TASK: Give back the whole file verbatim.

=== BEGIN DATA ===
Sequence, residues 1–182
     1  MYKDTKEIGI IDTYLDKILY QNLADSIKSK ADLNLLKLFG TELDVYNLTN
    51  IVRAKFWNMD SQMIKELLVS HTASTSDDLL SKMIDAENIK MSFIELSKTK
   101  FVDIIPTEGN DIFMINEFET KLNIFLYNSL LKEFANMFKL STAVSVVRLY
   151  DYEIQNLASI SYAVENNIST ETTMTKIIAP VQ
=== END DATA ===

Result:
Sequence, residues 1–182
     1  MYKDTKEIGI IDTYLDKILY QNLADSIKSK ADLNLLKLFG TELDVYNLTN
    51  IVRAKFWNMD SQMIKELLVS HTASTSDDLL SKMIDAENIK MSFIELSKTK
   101  FVDIIPTEGN DIFMINEFET KLNIFLYNSL LKEFANMFKL STAVSVVRLY
   151  DYEIQNLASI SYAVENNIST ETTMTKIIAP VQ